One of our editors goes gaga over the chilled hibiscus tea served at an Indian restaurant on Franklin Street in Chapel Hill. Now, she has started brewing this bold refresher at home. The dried plant is available loose or in tea bags online or at natural-food stores, Latin and Asian markets, and high-end supermarkets. (There are about 10 cups of dried hibiscus in a pound. One cup steeped in two cups of hot water makes eight cups of tea.) Other drinks made from it include cinnamon-spiced sorrel (in a nod to its lemony tang) of the Caribbean islands and Latin America's sweet and tart agua de Jamaica. The dark pink beverages can be enjoyed as alcohol-free drinks or spiked with spirits for cocktails.



Cherry Picking From Start to Finish

Cherries are at their peak in late spring. The sweet fruit shipped to North Carolina works well in everything from appetizers, such as salads, to baked goods, such as tarts and pies. And the jam, oh my!






Superior Grilled Cheese

Throwing together grilled cheese sandwiches for the kids in Cary? Make it even yummier! Use good bread with substance, flavorful cheese and a mixture of butter and mayonnaise. The mayo raises the smoke point of the butter, allowing the sandwich to grill hotter, which is especially important if you're adding multiple fillings. Want to go upscale? Use Burrata, an Italian specialty cheese that envelops a gooey center of cream and curd in a mozzarella ball.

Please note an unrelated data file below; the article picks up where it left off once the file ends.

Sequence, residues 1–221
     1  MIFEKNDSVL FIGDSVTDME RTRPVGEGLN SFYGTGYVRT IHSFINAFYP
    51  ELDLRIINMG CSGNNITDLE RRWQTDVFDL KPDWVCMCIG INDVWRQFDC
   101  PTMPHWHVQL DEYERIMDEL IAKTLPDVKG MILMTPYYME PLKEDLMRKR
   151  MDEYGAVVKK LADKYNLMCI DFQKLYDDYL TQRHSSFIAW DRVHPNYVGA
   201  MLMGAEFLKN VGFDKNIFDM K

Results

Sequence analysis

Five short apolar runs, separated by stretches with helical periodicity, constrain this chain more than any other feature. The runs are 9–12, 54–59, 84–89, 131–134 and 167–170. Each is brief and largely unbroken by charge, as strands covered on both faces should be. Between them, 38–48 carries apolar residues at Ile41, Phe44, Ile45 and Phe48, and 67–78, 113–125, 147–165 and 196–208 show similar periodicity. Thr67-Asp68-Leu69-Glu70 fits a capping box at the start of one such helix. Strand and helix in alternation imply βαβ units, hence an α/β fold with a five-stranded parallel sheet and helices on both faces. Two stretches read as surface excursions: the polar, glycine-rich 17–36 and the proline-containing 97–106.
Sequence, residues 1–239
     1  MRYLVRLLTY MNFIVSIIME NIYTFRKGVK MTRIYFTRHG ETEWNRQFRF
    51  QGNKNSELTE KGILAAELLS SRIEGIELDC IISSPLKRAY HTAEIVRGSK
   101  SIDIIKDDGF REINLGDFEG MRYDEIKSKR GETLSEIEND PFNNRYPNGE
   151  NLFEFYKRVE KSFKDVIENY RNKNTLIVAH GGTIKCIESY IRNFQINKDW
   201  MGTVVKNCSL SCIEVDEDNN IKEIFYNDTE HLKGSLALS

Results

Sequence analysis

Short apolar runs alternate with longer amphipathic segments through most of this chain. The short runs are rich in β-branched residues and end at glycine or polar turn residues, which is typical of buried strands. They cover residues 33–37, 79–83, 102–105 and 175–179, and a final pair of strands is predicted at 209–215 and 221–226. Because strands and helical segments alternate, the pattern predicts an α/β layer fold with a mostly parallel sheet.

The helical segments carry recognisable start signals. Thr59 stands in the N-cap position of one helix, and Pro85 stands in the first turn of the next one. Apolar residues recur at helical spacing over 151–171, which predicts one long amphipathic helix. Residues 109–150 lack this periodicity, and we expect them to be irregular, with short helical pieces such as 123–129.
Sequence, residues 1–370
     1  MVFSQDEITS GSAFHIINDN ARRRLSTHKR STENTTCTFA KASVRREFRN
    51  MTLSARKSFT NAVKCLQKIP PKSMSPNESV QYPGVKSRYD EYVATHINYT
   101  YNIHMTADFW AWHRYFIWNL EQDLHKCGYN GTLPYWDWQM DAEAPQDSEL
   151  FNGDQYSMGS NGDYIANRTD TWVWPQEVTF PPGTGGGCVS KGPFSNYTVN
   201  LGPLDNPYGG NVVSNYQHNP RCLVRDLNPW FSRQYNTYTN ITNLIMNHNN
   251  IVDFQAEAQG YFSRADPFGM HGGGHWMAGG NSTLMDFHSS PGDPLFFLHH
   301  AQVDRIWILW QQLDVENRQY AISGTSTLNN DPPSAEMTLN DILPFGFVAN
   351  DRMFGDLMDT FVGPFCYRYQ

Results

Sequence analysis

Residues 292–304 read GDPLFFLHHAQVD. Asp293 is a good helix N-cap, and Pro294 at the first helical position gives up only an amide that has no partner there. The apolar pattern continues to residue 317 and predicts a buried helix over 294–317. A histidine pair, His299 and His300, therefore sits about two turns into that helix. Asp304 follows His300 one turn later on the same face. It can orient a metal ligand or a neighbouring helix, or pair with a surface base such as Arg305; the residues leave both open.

Garlic Lovers' Corner

Garlic has a versatile and welcome taste, but it's pungent enough to overpower other ingredients. Mincing garlic into uniform pieces creates a less-intense flavor than mashing or grating, and heat and acid can both temper its assertiveness. Young green garlic has a fresher, milder zing than that of more mature, dried garlic. The delicate stalks can be chopped and used in a salad or cooked with butter to make a simple sauce.




Charcoal or Gas, Grills Rule!

Firing up the grill to cook ribs in Durham or salmon in Raleigh? You're in good company! Outdoor grills are owned by 180 million Americans. A debate over the superior fuel for them has been raging since the 1950s. Proponents of gas praise its convenience and superior temperature control while a wood or charcoal-powered model lends authentic smoke flavor - ideal for searing steaks.